Up to the filming, I played a critical role in looking over and guiding her through all the steps. She had already learned production from the volunteer youth-led media literacy collective, Outta Your Backpack Media, so she did not need my guidance during the filming and didn’t want it either. She was very determined to make sure this was her project, done her way. Being the daughter of a Drama teacher and having been in several professional productions, commercials, and even having experience as an extra in Steven Spielberg’s Into the West, she wanted to prove she knew what she was doing in terms of production and directing. Every once in a while I was able to tag along to film some of what they were doing when I wasn't working as the production's caterer.
They filmed over a series of four weekends and then she started on post-production. In post, Camille really learned how to close the digital divide, conquering the multiple and inevitable tech issues. Through it we both learned how to problem solve tech issues and became much better editors and more familiar with the professional standard of editing software, Final Cut Pro. Camille did a rough cut and I gave her a final grade, but she would not stop working on the project. It had come to be a very deep and meaningful project to her that she was attached to. She wanted to edit it into a piece that she hoped would make not only her Grandmother proud, but “make Yellow Woman proud.” She edited and did other post-production work for nearly three more months after she had received her grade.
The project became very significant for her, it was no longer a school project it was a life project and it was about her, her family, her place, where she comes from. It became powerfully personal and she was not going to give it up until she got it to a place she could be proud of. When Camille wrote that story into a screenplay, she was intensely engaging with the subject matter. She filmed her stories in the actual canyons these events took place and she played the role of Yellow Woman herself, fully imagining her ancestors thoughts, fears, challenges and hopes. Through the performance she began to internalize this historical event, to feel as her ancestor felt.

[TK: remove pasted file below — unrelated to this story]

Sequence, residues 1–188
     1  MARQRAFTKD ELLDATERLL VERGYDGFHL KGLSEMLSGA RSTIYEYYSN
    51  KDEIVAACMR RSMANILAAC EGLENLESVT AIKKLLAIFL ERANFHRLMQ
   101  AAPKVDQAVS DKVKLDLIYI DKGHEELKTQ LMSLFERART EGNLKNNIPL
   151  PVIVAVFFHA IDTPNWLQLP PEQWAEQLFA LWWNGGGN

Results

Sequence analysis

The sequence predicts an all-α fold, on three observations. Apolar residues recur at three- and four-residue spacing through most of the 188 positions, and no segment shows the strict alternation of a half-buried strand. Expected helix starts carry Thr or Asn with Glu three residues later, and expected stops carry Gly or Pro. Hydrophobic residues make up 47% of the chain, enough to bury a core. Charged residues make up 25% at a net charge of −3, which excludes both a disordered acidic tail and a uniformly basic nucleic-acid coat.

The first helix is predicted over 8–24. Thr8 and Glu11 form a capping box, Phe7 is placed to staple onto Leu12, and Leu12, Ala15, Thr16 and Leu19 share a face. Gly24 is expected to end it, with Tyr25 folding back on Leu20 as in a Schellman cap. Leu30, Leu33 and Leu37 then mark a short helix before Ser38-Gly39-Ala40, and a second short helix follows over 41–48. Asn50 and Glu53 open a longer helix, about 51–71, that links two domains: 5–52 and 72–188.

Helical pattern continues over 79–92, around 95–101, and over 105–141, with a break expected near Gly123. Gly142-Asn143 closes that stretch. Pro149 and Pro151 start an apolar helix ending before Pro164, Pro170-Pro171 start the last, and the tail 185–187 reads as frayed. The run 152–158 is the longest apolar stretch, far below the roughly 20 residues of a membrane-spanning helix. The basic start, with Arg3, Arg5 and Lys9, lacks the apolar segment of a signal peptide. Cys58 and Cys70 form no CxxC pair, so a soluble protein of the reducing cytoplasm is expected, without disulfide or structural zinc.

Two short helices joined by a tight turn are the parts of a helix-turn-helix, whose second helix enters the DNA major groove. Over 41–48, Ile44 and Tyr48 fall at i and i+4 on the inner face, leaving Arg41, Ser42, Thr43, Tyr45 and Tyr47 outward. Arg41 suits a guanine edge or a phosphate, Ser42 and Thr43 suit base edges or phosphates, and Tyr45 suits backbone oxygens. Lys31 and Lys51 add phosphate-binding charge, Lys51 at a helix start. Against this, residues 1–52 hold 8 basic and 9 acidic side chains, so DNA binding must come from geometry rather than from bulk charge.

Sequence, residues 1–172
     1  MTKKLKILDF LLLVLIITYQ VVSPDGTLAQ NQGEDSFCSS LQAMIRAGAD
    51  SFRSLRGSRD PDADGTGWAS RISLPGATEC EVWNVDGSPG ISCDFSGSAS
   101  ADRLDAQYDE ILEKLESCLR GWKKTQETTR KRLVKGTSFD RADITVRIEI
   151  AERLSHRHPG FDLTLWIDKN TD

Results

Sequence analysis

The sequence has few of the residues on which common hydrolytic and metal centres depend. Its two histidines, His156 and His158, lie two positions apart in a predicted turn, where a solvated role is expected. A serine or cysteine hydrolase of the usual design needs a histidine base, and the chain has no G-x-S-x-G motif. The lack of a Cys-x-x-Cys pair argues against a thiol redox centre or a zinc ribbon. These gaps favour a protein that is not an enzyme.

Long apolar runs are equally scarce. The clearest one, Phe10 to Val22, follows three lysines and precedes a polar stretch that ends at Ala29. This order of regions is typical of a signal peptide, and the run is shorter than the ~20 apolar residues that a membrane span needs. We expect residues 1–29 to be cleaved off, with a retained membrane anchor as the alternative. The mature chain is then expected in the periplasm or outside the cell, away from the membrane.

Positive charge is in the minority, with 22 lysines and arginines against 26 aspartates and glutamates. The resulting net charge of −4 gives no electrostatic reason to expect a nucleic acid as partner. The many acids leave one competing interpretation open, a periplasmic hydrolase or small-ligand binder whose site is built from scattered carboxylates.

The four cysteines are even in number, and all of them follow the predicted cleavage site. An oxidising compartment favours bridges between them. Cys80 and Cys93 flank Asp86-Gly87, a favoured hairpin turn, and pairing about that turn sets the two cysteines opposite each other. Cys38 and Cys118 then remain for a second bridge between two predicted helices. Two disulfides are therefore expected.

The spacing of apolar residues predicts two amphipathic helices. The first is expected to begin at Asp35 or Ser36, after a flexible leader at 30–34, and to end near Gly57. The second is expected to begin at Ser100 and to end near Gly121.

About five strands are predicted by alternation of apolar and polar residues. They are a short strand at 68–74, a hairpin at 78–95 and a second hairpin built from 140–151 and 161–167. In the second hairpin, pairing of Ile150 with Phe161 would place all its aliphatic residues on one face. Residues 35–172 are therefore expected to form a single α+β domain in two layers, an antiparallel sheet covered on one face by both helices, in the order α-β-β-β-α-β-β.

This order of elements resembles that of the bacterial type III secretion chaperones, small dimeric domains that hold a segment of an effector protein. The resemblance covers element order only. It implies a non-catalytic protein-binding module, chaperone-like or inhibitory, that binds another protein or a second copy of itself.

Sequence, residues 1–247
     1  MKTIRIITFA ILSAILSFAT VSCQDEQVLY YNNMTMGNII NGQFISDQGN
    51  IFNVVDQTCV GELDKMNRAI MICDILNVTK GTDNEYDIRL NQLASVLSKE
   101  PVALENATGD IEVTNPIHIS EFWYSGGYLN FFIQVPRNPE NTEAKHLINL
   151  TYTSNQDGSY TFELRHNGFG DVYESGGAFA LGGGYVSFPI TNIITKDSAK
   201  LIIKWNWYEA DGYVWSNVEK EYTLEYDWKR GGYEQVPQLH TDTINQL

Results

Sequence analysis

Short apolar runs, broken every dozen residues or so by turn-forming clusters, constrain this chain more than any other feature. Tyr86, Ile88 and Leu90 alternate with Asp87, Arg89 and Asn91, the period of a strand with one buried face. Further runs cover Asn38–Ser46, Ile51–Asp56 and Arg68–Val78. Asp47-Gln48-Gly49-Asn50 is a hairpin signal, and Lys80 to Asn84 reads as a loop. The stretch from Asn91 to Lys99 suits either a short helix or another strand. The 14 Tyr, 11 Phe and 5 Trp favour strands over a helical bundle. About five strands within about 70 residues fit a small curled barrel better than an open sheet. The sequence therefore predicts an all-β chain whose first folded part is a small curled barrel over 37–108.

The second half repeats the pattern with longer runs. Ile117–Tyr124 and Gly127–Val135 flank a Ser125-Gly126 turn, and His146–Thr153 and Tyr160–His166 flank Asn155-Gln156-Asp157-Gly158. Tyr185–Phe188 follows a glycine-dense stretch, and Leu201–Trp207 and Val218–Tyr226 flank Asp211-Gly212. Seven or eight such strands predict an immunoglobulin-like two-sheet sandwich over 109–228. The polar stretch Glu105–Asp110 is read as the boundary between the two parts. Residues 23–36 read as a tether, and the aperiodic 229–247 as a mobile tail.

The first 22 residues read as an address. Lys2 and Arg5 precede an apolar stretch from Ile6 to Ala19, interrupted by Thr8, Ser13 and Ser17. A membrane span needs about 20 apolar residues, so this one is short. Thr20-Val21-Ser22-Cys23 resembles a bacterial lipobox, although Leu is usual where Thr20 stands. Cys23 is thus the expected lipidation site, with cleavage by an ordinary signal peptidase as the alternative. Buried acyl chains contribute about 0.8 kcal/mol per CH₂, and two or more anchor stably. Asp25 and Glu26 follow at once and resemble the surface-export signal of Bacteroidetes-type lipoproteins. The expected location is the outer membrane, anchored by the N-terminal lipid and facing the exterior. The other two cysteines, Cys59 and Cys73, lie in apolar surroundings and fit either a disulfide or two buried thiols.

In the Footsteps of Yellow Woman has been accepted into over ninety film festivals and has won multiple awards. It has screened all over the world, and in nearly every continent. Her film also helped her to pursue her dream of studying film at a prestigious boarding school, where she went for high school, studying on scholarship. Through showing her completed piece Camille has educated others about Yellow Woman and the Long Walk; giving rise to the opportunity for her peers and others to be able to understand this unique indigenous worldview. It has created a bridge, a connection, for others to recognize the validity and beauty in that worldview.
This experience has also opened up an amazing connection between Camille and her grandmother. Through being asked to tell stories, Mae has felt encouraged to share more with her granddaughter and has asked for her to come stay with her more often, learning not only the traditional way of life, but relearning Dine’ language. This has been an invaluable experience for all of us.
The strengths of Place Based Media Arts Project, such as this one are not just in the skills Camille and her cousins acquired. It is in the relationships that have been forged, the re-establishing of intergenerational bonds, the power of becoming reconnected with family history and cultural ties. It is in the pride she came to have in her self, her community and her heritage. There is a strength that lies in the knowing of from where and from whom one comes from.
This project emphasized community cooperation over competitive individualism. It strengthened intergenerational relationships and created a vehicle for the intergenerational transmission of knowledge. This project made history come alive at the intersection of traditional storytelling, heritage, cultural traditions, and that of new technologies. It regenerates and sustains communities. It is one example of how we can re-engage our students in not just learning but in regenerating and sustaining our communities.